U.S. Children’s Poet Laureate J. Patrick Lewis clearly had a lot of fun compiling the poems for the National Geographic Book of Animal Poetry, released in September. This book is a beauty with its sleek and unfussy design and its vivid, full-color photographs.
And it’s a must-have for children, elementary and middle school classrooms, and libraries.
“Have you ever thought about a day in the life of a giraffe, a porcupine, a whale, or a snail?” Lewis asks in the book’s brief introduction. The creators of the poems collected for this volume, he writes, strive to imagine the secret lives of animals.
Dividing the book into nine sections (from five short poems about birth, to four final poems about animals and taking care of Mother Earth, and seven sections in between), Lewis highlights a wide variety of poetry, such as haikus, concrete poetry, free verse and more. To boot, there’s a lullaby from Rudyard Kipling.
He also covers contemporary poets—Betsy Franco, Naomi Shihab Nye, Douglas Florian, Joyce Sidman, Arnold Adoff, Julie Larios—as well as those long gone, such as Hilaire Belloc, Christina Georgina Rossetti, Walter de la Mare and D.H. Lawrence. To my great delight, Lewis even chose to include lyrics from Huddie Ledbetter, aka Lead Belly.
Even with these high-caliber poems chosen by the country’s reigning Children’s Poet Laureate, I dare say the real star of the show here are the photographs. “[This] may be the most beautiful poetry book of my entire career,” Lewis has said. (The man’s penned more than 75 books for children in his career, so that’s saying a lot.) After he anthologized 200 of his favorite poems about animals, the senior photography editor at National Geographic Society paired each poem with a photo. The National Geographic art director then got to work on designing it all.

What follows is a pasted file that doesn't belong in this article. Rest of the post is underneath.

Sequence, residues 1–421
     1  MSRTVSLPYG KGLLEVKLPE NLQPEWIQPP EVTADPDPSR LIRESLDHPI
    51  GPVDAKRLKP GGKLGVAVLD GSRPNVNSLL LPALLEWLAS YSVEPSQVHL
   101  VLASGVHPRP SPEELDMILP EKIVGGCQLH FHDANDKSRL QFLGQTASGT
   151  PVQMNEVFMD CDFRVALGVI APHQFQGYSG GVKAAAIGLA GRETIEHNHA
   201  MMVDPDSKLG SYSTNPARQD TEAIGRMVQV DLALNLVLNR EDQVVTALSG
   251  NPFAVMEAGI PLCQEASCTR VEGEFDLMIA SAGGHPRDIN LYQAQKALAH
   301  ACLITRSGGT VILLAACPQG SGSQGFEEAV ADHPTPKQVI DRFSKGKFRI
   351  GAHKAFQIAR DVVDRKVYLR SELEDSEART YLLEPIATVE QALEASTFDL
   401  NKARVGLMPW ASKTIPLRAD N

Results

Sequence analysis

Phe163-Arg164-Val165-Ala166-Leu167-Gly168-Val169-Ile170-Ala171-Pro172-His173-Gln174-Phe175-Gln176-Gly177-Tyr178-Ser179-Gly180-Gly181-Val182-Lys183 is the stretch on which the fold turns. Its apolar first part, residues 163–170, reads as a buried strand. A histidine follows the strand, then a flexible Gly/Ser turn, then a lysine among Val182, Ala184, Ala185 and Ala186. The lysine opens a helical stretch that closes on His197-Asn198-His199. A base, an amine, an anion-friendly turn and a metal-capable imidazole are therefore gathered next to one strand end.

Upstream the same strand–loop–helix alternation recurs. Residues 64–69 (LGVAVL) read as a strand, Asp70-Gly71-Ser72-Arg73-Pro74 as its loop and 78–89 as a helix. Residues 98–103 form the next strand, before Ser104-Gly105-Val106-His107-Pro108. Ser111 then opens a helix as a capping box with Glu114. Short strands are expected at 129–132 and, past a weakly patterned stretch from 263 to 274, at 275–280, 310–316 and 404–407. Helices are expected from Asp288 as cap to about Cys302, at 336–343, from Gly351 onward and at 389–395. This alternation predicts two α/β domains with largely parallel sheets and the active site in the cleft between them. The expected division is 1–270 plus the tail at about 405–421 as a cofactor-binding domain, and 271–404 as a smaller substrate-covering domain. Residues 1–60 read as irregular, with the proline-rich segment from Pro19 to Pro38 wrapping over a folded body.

And it explodes with color and energy. There are some breathtaking photos in here. The section called “The Winged Ones” includes photos that will take away the breath of even the most hard-hearted or unobservant person of the world, each sharp image labeled in unobtrusive text with the name of the animal.
There’s humor, particularly in the segment called “The Noisy Ones”: Imagine a common rooster staring you straight in the face, along with Tang Yin’s poem, “A Picture of the Rooster.” There’s grace in the form of a leaping Cottontail Rabbit, accompanied by Mary Ann Hoberman’s poem, “Rabbit.” (“A rabbit / bit / A little bit / An itty-bitty / Little bit of beet.”) There’s a little bit of terror in a commanding image of a Day Octopus, offset with some humor by a poem by Ogden Nash. And there’s a heaping dose of mystery, as in Elizabeth Madox Roberts’ “Firefly: A Song,” paired with a magical photo of fireflies in the woods: “A little light is going by, / Is going up to see the sky, / A little light with wings.”
And there’s much more.
Lewis closes with a section on writing animal poems, as well as a list of resources and indices for titles, poets, first lines, and subjects.
A visual feast, this handsomely-designed anthology is definitely a keeper.
NATIONAL GEOGRAPHIC BOOK OF ANIMAL POETRY. Text copyright © 2012 by J. Patrick Lewis. Spread reproduced by permission of the publisher, the National Geographic Society.
Julie Danielson (Jules) has, in her own words, conducted approximately eleventy billion interviews and features of authors and illustrators at Seven Impossible Things Before Breakfast, a children's literature blog focused primarily on illustration and picture books.